Of course, another reason the median married income is rising is that if you weren’t taught household management and homemaking skills, which is a very large number of marriageable women these days, it is terrifying to figure out how to get along on a low income and marrying a higher earning man sounds like it will be safer/easier.

Labor shifting, not Labor saving, laundry edition

It is generally considered acceptable by conservatives and liberals alike to declare that SAHMs have it easy thanks to washing machines and tumble dryers compared to the grand old days of yore when they did “real work”.  This involves ignoring the explosion in ready to wear clothing that permits even lower-income households to own hundreds of pieces of clothing.  It also involves ignoring the reality that the older methods of laundering clothes were not always backbreakingly hard.  And lastly, it involves ignoring the fact that even for women in the lower tiers of the middle class, laundering their own clothing was often optional because of washerwomen who specialized in doing laundry for many families.

A side-pressing washing machine is more primitive technology than a top loading washing machine, but the former is easier on back and arms, given similar amounts of clothing washed.  Hand wringers could be more physical labor, but again, fewer clothes were owned in the first place, so there wasn’t as much total work involved on a family-level basis.

Having a washing machine perform the labor of agitating the dirt off the clothes (this is the part that cleans clothes, more so than the soap, although soap sure helps out) does save labor, but there isn’t a labor savings when you have to take heavy wet clothes out and transfer them to the dryer vs. hanging them up on a line.  In fact, the modern norm for SAHMs of washing, drying and folding multiple loads of laundry daily is not labor saving at all, no matter what people persist in claiming.  It is astonishing that it’s presented as a leisure activity and sign of how little SAHMs have to do all day compared to “the olden days”.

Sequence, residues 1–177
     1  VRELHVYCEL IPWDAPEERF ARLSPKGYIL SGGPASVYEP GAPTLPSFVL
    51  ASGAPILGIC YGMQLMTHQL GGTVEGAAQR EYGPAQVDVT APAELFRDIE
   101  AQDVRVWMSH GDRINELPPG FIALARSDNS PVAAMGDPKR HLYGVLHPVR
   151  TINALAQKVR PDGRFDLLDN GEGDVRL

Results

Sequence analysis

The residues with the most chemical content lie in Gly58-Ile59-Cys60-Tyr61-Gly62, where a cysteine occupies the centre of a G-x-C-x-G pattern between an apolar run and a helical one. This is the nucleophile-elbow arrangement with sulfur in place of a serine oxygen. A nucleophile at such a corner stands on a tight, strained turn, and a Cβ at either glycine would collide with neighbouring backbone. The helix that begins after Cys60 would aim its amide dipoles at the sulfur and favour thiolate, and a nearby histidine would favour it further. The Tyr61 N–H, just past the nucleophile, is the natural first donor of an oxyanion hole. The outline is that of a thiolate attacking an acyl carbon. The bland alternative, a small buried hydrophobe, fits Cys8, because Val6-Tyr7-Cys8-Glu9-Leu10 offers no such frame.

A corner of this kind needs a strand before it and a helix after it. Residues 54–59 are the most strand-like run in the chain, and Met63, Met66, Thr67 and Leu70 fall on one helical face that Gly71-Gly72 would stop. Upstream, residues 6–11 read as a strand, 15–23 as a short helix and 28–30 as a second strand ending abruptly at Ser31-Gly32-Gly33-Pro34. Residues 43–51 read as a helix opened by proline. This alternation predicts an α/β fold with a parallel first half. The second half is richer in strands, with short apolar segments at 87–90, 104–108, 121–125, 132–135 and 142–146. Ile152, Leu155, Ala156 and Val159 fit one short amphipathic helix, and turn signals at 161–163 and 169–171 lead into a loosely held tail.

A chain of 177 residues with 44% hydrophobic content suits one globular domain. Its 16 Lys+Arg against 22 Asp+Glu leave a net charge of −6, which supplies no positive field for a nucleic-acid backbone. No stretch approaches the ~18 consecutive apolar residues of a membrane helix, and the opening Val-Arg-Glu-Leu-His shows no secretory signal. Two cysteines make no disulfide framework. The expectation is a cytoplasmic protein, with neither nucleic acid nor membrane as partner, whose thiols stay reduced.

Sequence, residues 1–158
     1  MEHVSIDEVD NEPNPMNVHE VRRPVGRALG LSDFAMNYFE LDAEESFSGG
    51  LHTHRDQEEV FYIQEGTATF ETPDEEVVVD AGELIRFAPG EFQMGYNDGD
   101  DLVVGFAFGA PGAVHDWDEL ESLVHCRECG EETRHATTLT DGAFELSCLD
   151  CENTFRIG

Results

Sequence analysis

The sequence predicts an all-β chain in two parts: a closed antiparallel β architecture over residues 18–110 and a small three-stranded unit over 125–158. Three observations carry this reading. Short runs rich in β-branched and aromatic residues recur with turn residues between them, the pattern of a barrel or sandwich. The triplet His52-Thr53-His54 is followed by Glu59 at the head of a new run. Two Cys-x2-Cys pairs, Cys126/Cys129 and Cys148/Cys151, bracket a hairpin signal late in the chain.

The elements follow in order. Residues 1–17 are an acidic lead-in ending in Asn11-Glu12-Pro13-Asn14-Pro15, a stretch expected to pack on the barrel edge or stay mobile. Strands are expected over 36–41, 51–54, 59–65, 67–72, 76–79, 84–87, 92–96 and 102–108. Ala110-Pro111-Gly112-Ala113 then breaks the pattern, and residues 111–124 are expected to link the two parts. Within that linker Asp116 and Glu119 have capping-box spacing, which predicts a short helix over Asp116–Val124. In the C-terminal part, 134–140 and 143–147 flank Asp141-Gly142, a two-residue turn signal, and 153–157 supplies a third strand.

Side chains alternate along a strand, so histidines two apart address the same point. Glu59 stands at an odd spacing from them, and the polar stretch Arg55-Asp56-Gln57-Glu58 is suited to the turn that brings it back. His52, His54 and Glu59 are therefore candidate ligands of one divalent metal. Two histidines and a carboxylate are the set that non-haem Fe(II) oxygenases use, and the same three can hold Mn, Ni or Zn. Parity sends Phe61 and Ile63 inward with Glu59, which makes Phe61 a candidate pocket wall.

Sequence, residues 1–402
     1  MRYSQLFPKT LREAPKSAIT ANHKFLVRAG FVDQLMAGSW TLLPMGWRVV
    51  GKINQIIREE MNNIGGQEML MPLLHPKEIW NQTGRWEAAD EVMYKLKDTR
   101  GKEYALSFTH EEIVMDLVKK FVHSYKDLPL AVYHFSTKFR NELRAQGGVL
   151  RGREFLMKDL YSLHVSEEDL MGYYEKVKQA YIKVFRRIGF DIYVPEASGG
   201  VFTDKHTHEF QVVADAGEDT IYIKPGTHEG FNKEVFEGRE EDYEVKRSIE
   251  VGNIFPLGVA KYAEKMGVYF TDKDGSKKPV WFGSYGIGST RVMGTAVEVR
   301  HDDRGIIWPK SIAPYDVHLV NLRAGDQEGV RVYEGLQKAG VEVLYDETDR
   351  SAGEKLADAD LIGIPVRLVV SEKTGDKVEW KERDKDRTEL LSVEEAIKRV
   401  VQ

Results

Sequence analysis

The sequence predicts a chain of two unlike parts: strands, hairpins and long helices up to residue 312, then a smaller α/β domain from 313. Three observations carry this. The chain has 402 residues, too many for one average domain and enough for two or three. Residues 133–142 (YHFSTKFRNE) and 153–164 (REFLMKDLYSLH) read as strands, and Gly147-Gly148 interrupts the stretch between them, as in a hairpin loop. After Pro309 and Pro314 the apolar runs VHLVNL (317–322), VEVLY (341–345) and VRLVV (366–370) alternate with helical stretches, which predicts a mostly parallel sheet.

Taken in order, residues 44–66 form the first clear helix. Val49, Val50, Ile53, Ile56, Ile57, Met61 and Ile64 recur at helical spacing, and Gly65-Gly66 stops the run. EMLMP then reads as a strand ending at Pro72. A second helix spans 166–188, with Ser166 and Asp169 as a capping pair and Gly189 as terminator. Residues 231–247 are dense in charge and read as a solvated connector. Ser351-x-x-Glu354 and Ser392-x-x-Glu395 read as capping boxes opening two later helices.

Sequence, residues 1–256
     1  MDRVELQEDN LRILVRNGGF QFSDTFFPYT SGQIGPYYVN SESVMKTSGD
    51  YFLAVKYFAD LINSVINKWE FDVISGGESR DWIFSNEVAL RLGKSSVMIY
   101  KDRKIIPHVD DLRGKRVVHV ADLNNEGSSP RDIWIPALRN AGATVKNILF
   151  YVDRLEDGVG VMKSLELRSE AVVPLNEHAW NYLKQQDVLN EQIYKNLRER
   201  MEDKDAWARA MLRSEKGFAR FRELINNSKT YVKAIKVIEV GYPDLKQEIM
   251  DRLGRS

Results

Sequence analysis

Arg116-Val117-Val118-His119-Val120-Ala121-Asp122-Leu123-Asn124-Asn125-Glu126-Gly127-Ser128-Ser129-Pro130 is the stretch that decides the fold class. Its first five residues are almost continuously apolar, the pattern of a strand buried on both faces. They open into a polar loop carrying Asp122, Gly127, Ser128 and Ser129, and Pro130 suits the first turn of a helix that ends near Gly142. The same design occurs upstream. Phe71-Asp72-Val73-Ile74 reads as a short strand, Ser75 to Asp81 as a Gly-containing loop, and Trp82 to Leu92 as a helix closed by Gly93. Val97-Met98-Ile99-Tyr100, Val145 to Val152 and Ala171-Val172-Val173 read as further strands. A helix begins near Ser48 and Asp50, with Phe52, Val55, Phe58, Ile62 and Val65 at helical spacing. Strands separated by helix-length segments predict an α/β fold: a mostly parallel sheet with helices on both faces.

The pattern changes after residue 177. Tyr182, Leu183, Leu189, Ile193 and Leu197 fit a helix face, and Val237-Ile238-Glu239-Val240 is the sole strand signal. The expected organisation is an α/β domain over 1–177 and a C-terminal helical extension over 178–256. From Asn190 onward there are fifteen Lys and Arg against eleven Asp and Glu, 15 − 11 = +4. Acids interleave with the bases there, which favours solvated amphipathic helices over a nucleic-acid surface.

The feminist criticism that “mission creep” erases any potentially saved labor for housewives from a given technological advancement has some truth to it, as one can observe that creep with core household tasks like laundry.  The same conservatives who want all the women to come home pretty much never promote specialization in domestic tasks that again, even lower-income housewives used to take for granted.  And it’s a wealth problem.  Everyone has these machines that are supposedly so advanced and “labor saving”, so the idea can’t even form in the mind as an option.  People instead obsess about getting cheap machines rather than finding someone to do their laundry for them.  And there are always cheap machines around, so nobody can consider specializing as a source of income.

Part of the secret history of the domestic sphere is that “labor saving” devices are positioned as granting leisure to housewives, but do not, or do not save labor for very long.  It is perhaps the case that for a 1950s housewife a top loading washing machine saved some labor, as she didn’t have the full cheap clothing revolution that the 1970s housewife benefitted from.  But that didn’t last even a full generation before the metrics of acceptability changed, resulting in shifting rather than saving labor.

This isn’t to say that the modern SAHM has exactly the same level of physical labor on her hands as her domestic ancestresses.  It is to say that the idea that she has basically no labor is false.  Despite all the wealth and technological advancement, she still faces a great deal of physical labor to be considered an adequate or suitable SAHM.